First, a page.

I remember back, years ago, when I used to color correct photos for one of my blogs. I used auto-correct as if it was going out of style. Throughout my editing, I learned that I only did so many corrections and over time, I concluded that auto-correct was the way to go. I’d use auto-tone, auto-contrast and auto-color ad nauseum. This type of editing held me over for a very long time. It’s not like I was selling professional photographs or anything. I was only taking pictures of trees and flowers in my back yard.
In case you’re wondering, the auto-correct options I’m referring to are located under the Image menu inside of Adobe Photoshop. If you click on that menu item, you’ll see the three options. Again, they are Auto Tone, Auto Contrast and Auto Color.
The one thing I always thought about was how the auto-correct options I was using were permanent. Once I made the change, that was it. I was stuck with them. They were what we consider, “destructive.” As you may well know, destructive editing should be avoided when possible. More often then not, you’ll want to go back and change something. Rarely does someone simply make an edit and remain happy with that edit forever. Photoshop was made for manipulating photos, not once, but always. You need to keep your options open.
In today’s post, I’d like to show you how you can take advantage of the Auto mode of two adjustment layer types in Photoshop. While only two are available right now, I’m sure more will be along soon. The two modes I’m talking about are Levels and Curves. Both of these modes adjust tone and color, so they should do us just fine. And the best part is, using the Auto feature in these two adjustment types is completely non-destructive. Any changes made can immediately be discarded at any time.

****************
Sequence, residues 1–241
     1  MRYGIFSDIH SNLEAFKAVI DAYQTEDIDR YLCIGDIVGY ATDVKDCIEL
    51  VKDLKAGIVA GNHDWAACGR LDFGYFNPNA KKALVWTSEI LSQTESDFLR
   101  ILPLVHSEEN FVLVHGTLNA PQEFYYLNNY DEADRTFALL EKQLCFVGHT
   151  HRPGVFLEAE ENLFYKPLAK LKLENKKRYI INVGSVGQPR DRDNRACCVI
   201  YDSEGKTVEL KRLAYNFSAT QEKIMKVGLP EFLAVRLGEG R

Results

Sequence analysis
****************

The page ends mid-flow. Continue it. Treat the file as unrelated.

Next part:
For this post, I’m going to use a fairly generic photograph of some wheat. The reason I decided on this photo was because of its blandness. It’s a great photo, it just doesn’t “pop” and it could certainly use some correcting.
To kick things off, I’ll apply the Levels adjustment layer. If you aren’t familiar with adjustment layers, I encourage you to read this post:
In the post, I walk through the exact instructions you’ll need to apply pretty much any adjustment layer. While I focus on only Curves in the post, the same general idea can be used for all of them.
So, I’ll apply the Levels adjustment layer by clicking the appropriate icon in the Adjustments panel. Once I do that, I’ll see the new layer in the Layers panel. The related Properties panel will also appear.
When I apply this adjustment layer, nothing happens. That’s the way it’s supposed to be. It isn’t until I begin moving things around that the photo will appear differently. In this case though, I’m only going to use the Auto capabilities of this tool.
In you take a look at the above screenshot, you’ll notice that I circled the Auto button. If I click on the button, the levels will automatically adjust according to what Photoshop things are the proper settings. I’ll do that now.